Carroll, Laura Beth. The Rhetoric of Silence: Understanding Absence as Presence. Diss. Texas A & M University, 2002. Web. 16 July 2016
- Analyzing meaningful silences in literature
- Two kinds of rhetorical silences: Collaborative and Resistant which are used to align oneself with power or resist power.
- Linguistic dismissal of seeing silence as having any kind of meaning. Silence is only understood as something that facilitates conversation.
- The researcher attempts to study silence as a positive discursive act laden with meaning.
- The need for Kairos (?) in the study of the rhetorical discourse of silence.
- Traditional studies look at silence in two ways. First, as a meaningless negative space that only acts as a boundary to meaningful rhetoric and second, as oppression by denying one the power of speech. Only Greek Rhetoricians look at silence as a tool of power.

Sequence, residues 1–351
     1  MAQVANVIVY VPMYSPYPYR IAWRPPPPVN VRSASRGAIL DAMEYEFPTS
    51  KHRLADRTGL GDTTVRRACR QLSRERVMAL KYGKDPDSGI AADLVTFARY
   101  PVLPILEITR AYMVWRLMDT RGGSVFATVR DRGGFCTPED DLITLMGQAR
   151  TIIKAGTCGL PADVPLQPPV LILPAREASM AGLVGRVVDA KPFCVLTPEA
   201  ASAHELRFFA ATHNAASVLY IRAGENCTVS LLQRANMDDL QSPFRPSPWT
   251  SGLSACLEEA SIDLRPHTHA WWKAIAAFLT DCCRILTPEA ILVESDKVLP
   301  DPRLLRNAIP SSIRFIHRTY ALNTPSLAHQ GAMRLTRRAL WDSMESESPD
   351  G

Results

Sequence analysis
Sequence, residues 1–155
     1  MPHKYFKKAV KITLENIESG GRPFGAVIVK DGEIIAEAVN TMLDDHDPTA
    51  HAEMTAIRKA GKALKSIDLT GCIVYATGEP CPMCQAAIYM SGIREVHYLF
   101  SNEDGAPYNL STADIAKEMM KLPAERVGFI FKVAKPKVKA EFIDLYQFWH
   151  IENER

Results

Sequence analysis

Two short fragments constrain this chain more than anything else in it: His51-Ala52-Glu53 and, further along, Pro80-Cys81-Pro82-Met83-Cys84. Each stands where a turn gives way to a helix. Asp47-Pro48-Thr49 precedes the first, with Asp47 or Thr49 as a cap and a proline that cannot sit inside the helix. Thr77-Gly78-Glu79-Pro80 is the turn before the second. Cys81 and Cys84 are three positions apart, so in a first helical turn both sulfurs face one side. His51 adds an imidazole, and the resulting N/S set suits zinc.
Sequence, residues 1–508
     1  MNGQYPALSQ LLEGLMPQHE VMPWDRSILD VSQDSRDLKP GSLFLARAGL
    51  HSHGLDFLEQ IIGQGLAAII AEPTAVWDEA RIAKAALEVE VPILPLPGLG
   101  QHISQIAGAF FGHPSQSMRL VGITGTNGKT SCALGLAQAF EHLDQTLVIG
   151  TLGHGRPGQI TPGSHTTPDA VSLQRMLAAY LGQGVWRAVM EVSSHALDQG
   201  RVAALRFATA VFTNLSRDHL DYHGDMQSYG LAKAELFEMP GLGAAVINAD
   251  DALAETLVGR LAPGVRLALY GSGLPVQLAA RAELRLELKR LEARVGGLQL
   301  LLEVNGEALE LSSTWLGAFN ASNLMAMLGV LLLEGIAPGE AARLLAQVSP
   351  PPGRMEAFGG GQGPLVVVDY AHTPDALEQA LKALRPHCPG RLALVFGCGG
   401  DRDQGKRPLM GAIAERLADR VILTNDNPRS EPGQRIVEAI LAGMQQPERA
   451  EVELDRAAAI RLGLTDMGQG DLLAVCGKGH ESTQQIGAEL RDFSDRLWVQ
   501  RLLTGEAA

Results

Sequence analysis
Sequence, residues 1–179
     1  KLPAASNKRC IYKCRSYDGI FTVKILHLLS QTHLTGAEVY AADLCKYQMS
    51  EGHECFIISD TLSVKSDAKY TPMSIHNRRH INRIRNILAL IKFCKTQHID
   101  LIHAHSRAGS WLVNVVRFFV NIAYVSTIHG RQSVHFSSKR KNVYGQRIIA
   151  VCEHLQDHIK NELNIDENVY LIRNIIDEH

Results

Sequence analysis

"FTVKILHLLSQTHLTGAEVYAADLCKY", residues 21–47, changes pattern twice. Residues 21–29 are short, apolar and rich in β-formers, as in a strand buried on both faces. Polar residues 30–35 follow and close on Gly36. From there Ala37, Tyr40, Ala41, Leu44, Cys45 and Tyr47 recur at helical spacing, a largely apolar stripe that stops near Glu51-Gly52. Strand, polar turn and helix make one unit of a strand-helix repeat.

- Even when silence has been studied, it has been studied only at the micro level of conversation (still not viewed as a tool for power but rather as lack). At the macro level only rhetoric has been studied thus putting silence completely out of the rhetorical discourse.
- In fact, silencing has been viewed as the denial of power to marginal groups. Also, since it is essentially used by women, and rhetoric by men; the western preference of language over silence also leads to the question of phallogocentrism.
- The study aims at seeing silence in the rhetoric of Nazi Germany, Racial Segregation in Civil War America, and contemporary feminist movements.
The writer uses Kenneth Burke’s idea that language is symbolic action and action is rhetorical. Thus, he expands the scope of rhetoric beyond the realm of the political into everything else too.
Burke helps us believe that action functions rhetorically (?) and therefore giving scope to the interpretation of silence, which due to its lack of words has to rely on actions.
(To be continued…)